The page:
Matt Pais, @mattpais
RedEye movie critic
May 30, 2013
**1/2 (out of four)
With a good magic trick, you feel just as tickled during the illusion’s setup as you do after the big finish. In the magician heist-thriller “Now You See Me,” giddy mind games just give way to indifference.
At least the film keeps enough mysterious plates spinning for audience members to miss some of what it’s up to. In the introductory sequence, an unknown figure scouts four ambitious magicians as they seem to evade flesh-eating piranhas or read people’s minds. A year later, those masters of mental and physical trickery (Jesse Eisenberg, his “Zombieland” co-star Woody Harrelson, Isla Fisher and Dave Franco) work as the Four Horsemen and dazzle a huge Vegas crowd with a nifty stunt: they teleport a random audience member to France to rob a bank and bring back the money for the stunned audience.
Is this a crew of snarky Robin Hoods or devilish thieves? It requires the obvious mention of “Ocean’s Eleven,” from which the far-fetched “Now You See Me” takes blatant inspiration (and a twist or two) without replicating its style and finesse. Despite an excellent cast, the magicians’ characters and roles on the team also aren’t differentiated enough to convince that these particular people were the only choices for the job. And while we’re naming unsatisfying plot threads: Neither the backstory of Henley (Fisher) being Danny’s (Eisenberg) former assistant nor the flirtation between the FBI agent (Mark Ruffalo) and Interpol officer (Melanie Laurent) on the case pays off in any convincing fashion, if at all.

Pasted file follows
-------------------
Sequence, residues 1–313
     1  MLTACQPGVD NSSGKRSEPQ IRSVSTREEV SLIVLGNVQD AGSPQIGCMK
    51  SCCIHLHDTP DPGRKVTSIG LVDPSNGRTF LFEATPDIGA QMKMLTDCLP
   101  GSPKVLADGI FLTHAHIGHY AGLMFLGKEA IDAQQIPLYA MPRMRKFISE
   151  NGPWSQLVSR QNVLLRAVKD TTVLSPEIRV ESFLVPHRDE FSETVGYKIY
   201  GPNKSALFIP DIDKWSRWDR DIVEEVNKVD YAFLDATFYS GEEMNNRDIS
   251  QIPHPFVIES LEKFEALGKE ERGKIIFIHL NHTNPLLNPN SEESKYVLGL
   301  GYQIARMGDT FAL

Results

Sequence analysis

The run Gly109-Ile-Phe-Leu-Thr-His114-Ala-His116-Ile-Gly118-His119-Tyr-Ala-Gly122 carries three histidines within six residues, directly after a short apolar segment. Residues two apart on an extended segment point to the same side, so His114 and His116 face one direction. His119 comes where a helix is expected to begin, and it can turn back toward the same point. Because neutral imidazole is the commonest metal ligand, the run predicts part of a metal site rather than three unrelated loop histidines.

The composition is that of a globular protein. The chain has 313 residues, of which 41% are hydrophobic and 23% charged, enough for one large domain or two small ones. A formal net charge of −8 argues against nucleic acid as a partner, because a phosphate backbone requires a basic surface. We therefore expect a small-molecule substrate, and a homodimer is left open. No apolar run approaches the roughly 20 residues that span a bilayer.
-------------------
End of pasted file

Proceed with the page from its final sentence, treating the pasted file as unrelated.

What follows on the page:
So “Now You See Me” isn’t “The Prestige.” It’s also not “The Incredible Burt Wonderstone,” a wretched comedy that made magic seem stale and magicians seem obnoxious. “NYSM” has a playful spirit and an extensive assortment of welcome presences (including Michael Caine and Morgan Freeman) that hold interest even as the elaborate ruse loses steam and cleverness. It’s a hoot to watch authorities having to take magic seriously as a criminal investigation. I’d recommend proving Danny’s “the closer you look, the less you see” motto true by working on the twists and ignoring the movie’s weaknesses.
Still, the best tricks are the ones we can’t explain, and the film’s answer hardly lives up to its questions.
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